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Calling in the future of streaming

Updated: 6 days ago

By Leslie Adams, Sales Director at Reach Africa

As first published in the Media Annual.

The other day, my three-year-old came across a landline telephone for the first time while at the paediatrician. This non-functional telephone was part of a “busy board” set-up equipped with locks, dials and other things to fidget with, intended to keep hyperactive toddlers entertained (and distracted) while awaiting their turn to see the doctor.

He asked me what it was, and I told him that it was a phone. “No, he said, quite certainly. “that’s not a phone. That’s a phone,” he explained, pointing instead to my mobile. It occurred to me that he had never before, in his three short years on earth, seen a telephone up close; my wife and I – like most millennials – only have cell phones. No landline to speak of at home, despite it being such an important fixture in our childhood.

We’ve come a long way in a few short decades.

In the early days of telecoms, the battle was between the landline and the mobile phone.

The incumbent was cheaper, already-scaled and government-funded, meaning almost every home had a landline and even rural villages shared a centralised line. So when mobile was introduced at a higher cost –  for both the device and call/SMS charges –  telecoms needed to find a way to drive mass usage, as cellular phones, at that time, belonged predominantly to the business elite. How did they do it? Pay as you go. Slowly, landlines started to become redundant and today are seldom seen, barring office blocks. Cut to 2024, and not only are we seeing parallels between the landline vs cellphone scenario with linear TV vs streaming, we’re also seeing it in the way we’re tuning in to our streaming services.

Consumers now want over the top (OTT) providers that allow for the incremental consumption of content through more flexible payment offerings and hybrid subscription models. We don't want contracts or commitments, we want the “pay as you go” content option in streaming. Telco banks, always one step ahead, have seen this, and are feeding our consumption. You can also forget your password-sharing crackdown, we're finding new ways to side-step and watch as a community.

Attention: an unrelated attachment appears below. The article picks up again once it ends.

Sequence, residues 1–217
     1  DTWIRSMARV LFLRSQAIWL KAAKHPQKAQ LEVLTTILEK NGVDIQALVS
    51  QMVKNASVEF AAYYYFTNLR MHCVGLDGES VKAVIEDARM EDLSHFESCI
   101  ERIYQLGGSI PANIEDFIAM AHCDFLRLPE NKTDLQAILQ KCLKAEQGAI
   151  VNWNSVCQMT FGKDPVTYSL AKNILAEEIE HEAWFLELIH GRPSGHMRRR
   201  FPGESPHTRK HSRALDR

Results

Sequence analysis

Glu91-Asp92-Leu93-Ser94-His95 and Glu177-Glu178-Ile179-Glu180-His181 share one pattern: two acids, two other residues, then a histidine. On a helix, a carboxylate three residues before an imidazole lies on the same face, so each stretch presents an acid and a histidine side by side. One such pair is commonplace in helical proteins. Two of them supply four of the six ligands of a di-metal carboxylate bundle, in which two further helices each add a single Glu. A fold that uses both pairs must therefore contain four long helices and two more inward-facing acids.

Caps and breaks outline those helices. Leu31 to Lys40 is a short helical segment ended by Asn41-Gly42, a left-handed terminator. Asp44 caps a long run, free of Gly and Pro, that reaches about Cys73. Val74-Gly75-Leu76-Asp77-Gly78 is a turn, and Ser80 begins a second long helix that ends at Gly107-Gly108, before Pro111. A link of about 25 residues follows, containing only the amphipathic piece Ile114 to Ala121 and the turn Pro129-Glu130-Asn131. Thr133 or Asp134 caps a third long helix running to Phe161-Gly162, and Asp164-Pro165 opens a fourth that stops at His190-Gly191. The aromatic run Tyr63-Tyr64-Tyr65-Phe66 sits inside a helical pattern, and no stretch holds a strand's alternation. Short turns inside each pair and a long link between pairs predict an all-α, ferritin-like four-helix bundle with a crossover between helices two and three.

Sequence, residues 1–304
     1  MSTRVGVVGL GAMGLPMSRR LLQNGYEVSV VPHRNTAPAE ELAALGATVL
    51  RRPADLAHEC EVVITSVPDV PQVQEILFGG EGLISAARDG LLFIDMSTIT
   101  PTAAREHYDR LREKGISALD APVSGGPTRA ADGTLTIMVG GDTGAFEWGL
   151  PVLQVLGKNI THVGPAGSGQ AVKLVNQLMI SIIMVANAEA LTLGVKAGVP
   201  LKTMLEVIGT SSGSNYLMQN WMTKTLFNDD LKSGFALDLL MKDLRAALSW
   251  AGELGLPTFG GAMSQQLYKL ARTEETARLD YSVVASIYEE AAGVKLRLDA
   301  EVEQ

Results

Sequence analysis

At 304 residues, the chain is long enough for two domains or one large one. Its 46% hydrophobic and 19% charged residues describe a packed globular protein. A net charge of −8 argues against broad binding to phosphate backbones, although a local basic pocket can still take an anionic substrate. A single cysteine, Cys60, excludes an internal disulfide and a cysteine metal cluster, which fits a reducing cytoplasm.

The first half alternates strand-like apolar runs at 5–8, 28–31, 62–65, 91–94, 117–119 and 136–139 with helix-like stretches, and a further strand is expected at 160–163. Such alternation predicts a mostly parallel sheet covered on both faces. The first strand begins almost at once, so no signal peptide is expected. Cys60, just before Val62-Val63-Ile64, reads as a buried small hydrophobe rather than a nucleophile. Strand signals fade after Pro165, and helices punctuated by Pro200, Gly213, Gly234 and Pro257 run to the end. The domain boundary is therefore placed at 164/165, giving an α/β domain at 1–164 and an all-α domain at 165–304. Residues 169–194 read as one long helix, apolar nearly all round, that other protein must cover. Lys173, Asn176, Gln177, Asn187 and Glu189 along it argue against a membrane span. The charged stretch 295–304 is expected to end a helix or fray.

But let’s take a step back and take a look at where we’ve been, where we are now, and where we’re heading. Yesterday, today and tomorrow.


In the beginning, there was live TV, with the news, sports and all your favourite shows that you planned your weeknight dinners around. Then streaming arrived, with a whole lot more content, and grew at a steady pace.

Then in 2020, the Covid-19 pandemic hit. Not only did digital transformation speed up, but so did our consumption patterns change. The work day shifted with people no longer slaves to the 8 am – 5 pm, and with this, so did “appointment viewing” start to fall away. People wanted to be able to watch what they wanted when they wanted. Live TV viewership declined in direct proportion to the increased eyeballs on streaming services. 


Then loadshedding ramped up, and things escalated even further. All of a sudden, people were charging up their devices in power hours, downloading their favourite series from Netflix or Viu, and beginning their binge-athons when the lights went off.


Enter the acronyms: OTT/VOD/FAST/SVOD/AVOD/BOD/TVOD…all of these speak to the new chapter in how our broadcast content is consumed. In international markets, the last few years have seen live television replaced with streaming as the primary content delivery mechanism. And locally, we’re not far behind.